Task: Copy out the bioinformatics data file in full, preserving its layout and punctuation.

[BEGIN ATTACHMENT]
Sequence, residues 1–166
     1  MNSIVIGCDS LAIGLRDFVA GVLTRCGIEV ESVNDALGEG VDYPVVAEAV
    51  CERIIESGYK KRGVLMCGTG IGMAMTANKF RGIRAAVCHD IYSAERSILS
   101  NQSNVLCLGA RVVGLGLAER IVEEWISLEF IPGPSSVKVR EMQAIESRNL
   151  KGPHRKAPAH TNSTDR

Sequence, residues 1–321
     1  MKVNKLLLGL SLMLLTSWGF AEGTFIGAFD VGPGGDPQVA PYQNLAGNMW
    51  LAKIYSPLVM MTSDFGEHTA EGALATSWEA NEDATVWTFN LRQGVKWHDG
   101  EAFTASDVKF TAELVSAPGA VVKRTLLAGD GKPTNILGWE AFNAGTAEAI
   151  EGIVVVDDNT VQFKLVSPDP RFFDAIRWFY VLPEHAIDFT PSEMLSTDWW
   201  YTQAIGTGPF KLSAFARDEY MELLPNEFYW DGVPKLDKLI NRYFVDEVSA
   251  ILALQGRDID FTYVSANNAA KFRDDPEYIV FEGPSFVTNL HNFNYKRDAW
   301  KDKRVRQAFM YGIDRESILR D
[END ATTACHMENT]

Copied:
Sequence, residues 1–166
     1  MNSIVIGCDS LAIGLRDFVA GVLTRCGIEV ESVNDALGEG VDYPVVAEAV
    51  CERIIESGYK KRGVLMCGTG IGMAMTANKF RGIRAAVCHD IYSAERSILS
   101  NQSNVLCLGA RVVGLGLAER IVEEWISLEF IPGPSSVKVR EMQAIESRNL
   151  KGPHRKAPAH TNSTDR

Sequence, residues 1–321
     1  MKVNKLLLGL SLMLLTSWGF AEGTFIGAFD VGPGGDPQVA PYQNLAGNMW
    51  LAKIYSPLVM MTSDFGEHTA EGALATSWEA NEDATVWTFN LRQGVKWHDG
   101  EAFTASDVKF TAELVSAPGA VVKRTLLAGD GKPTNILGWE AFNAGTAEAI
   151  EGIVVVDDNT VQFKLVSPDP RFFDAIRWFY VLPEHAIDFT PSEMLSTDWW
   201  YTQAIGTGPF KLSAFARDEY MELLPNEFYW DGVPKLDKLI NRYFVDEVSA
   251  ILALQGRDID FTYVSANNAA KFRDDPEYIV FEGPSFVTNL HNFNYKRDAW
   301  KDKRVRQAFM YGIDRESILR D